Empowering women has always been at the heart of the Cartier Women’s Initiative. This year, Cartier took to Dubai to celebrate the 15th anniversary of its entrepreneurship programme, as well as to spotlight the achievements of its 2022 laureates.
This year’s theme, Break The Bias, looked to the ways that women could join forces to overcome stereotypes, discrimination and other barriers to gender equality in the workplace, the media, the world of sports and beyond.
The Cartier Women’s Initiative 2022 event was hosted by Tiffany Dufu, founder and CEO of the US women's training organization The Cru, and saw special guests like four-time Olympic gold medallist Guo Jingjing and actress Yara Shahidi.
Read more: Why Do We Need International Women’s Day?
But the real stars of the night were the nine Impact Awardees who were selected for the changes that they have created through their businesses. Encompassing social entrepreneurs and business leaders, these women were honoured for one of three categories: Improving Lives, Preserving the Planet and Creating Opportunities.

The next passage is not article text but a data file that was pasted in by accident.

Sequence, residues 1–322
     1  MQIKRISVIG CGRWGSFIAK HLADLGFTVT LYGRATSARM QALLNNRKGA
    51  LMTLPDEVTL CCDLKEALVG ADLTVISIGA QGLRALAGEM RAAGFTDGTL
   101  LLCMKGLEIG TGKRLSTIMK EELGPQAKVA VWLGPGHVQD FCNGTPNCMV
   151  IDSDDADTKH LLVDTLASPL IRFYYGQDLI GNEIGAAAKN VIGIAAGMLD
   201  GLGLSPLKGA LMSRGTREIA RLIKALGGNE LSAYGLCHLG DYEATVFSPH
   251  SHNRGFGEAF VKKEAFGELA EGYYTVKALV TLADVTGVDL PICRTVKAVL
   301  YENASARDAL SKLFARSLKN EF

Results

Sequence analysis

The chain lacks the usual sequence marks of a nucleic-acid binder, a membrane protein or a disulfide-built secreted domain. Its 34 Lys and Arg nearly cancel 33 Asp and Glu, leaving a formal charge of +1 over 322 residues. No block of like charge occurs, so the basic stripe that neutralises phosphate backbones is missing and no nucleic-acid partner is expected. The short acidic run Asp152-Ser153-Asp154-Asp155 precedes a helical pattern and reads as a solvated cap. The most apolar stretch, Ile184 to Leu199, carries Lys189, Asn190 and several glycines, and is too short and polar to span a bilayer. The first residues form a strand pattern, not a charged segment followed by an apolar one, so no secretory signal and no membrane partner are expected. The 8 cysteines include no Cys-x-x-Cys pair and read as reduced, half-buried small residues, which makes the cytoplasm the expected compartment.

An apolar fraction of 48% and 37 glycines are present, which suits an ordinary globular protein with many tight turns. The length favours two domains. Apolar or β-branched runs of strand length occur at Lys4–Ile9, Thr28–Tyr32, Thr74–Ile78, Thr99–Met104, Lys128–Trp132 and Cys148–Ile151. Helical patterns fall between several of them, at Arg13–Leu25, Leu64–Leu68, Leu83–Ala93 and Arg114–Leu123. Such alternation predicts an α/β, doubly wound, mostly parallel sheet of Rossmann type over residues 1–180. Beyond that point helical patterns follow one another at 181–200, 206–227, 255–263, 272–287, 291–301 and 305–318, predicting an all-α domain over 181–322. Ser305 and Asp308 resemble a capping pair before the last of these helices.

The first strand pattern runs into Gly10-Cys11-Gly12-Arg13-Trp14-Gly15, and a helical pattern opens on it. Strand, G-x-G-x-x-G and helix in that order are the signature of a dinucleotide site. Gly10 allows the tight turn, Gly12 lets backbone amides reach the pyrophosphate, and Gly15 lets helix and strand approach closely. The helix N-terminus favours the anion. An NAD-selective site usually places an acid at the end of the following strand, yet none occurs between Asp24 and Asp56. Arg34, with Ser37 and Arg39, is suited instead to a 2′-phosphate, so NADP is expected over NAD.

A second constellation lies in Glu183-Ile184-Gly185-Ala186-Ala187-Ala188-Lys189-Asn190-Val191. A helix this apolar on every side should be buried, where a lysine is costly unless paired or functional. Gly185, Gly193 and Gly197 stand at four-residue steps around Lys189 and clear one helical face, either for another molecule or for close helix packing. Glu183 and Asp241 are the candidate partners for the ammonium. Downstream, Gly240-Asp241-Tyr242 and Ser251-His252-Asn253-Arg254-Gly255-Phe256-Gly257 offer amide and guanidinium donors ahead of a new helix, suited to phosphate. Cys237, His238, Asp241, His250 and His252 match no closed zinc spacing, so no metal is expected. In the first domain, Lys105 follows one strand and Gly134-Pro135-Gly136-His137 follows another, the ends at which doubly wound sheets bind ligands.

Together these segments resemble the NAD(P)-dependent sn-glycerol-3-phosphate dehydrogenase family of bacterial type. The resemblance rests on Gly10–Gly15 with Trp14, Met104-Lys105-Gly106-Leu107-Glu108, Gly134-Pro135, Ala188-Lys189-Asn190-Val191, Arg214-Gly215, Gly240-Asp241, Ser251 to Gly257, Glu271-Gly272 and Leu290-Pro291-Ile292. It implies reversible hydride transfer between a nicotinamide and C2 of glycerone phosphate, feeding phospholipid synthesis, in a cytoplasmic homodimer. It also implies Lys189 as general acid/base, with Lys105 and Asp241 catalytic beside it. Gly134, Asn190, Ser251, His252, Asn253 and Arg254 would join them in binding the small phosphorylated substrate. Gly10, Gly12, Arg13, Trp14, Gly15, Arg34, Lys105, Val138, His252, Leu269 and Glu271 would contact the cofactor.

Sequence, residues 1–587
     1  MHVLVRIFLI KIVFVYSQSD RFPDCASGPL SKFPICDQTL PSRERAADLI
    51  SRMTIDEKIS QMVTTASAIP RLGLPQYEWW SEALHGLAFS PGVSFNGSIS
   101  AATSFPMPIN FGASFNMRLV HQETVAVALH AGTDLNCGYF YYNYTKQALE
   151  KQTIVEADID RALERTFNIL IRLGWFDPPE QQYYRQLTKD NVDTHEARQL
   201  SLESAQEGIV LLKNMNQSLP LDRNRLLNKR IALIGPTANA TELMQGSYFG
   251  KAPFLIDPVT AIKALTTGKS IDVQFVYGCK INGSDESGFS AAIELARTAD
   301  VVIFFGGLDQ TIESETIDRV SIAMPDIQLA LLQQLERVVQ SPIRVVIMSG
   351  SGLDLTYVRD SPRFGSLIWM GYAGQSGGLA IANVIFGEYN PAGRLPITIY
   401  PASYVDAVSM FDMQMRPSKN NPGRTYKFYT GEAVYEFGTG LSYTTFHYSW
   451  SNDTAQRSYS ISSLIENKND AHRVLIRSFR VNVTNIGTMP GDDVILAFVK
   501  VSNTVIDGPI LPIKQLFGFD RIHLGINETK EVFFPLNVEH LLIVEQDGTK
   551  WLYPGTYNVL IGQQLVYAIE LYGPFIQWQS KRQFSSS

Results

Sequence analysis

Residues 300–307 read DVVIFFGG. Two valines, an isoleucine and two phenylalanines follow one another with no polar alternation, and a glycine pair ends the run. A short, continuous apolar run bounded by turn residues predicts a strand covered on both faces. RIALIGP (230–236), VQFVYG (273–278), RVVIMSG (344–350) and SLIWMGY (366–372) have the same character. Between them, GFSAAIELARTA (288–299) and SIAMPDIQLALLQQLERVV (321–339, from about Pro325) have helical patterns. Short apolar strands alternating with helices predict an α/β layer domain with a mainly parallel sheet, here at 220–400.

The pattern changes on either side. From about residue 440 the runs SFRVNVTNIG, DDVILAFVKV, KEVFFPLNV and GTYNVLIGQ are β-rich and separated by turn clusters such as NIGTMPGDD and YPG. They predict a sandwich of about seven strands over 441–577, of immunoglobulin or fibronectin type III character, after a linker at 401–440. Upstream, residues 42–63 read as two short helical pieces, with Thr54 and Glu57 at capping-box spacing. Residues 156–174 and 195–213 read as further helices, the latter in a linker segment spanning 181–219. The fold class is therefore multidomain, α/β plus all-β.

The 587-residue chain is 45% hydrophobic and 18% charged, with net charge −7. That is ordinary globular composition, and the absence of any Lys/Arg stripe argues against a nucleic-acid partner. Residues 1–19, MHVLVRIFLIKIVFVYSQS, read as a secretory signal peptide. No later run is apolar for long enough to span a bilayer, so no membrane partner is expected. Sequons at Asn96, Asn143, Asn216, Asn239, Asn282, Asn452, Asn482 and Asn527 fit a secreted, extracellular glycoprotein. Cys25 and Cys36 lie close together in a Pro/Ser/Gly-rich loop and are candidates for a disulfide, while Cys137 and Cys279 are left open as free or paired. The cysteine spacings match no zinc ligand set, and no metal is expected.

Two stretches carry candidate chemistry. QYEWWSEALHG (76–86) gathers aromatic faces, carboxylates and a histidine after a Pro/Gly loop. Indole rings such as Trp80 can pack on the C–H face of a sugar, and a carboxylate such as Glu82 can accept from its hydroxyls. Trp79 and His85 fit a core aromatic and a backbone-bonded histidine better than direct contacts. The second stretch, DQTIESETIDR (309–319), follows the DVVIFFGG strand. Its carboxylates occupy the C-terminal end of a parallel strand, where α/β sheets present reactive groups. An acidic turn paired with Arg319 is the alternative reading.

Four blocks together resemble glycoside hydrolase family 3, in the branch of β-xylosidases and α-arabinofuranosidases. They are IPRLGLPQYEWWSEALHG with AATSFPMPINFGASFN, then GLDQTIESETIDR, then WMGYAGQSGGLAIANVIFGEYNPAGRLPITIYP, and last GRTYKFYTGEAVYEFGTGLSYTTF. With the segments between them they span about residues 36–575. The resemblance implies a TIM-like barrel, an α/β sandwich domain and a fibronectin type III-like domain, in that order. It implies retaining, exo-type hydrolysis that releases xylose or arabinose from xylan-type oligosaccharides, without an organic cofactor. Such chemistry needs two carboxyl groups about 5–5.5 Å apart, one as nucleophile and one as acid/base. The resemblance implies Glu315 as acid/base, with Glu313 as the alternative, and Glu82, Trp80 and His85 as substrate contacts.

In support of their missions to solve the most pressing challenges around the world, Cartier has granted the three first-place awardees with US$100,000 in prize money, while the rest received US$60,000 and US$30,000. All nine leaders were also given human capital support worth US$10,000 each.
Below, meet the nine awardees of 2022 and discover how they’re shaping the world for the better.
Temie Giwa Tubosun, founder and CEO of LifeBank (Nigeria)
Following her graduate fellowship at the World Health Organisation, Tubosun founded the Nigerian health technology startup LifeBank in 2016. Her mission is to make life-saving blood transfusions more accessible for patients in the African country, especially pregnant women. Tubosun’s own difficult delivery of her son exposed her to the problem of blood shortages in Nigeria. Today, LifeBank has expanded its operations to deliver blood from registered blood banks to over 600 hospitals in Nigeria and Kenya, saving more than 10,000 lives in the process.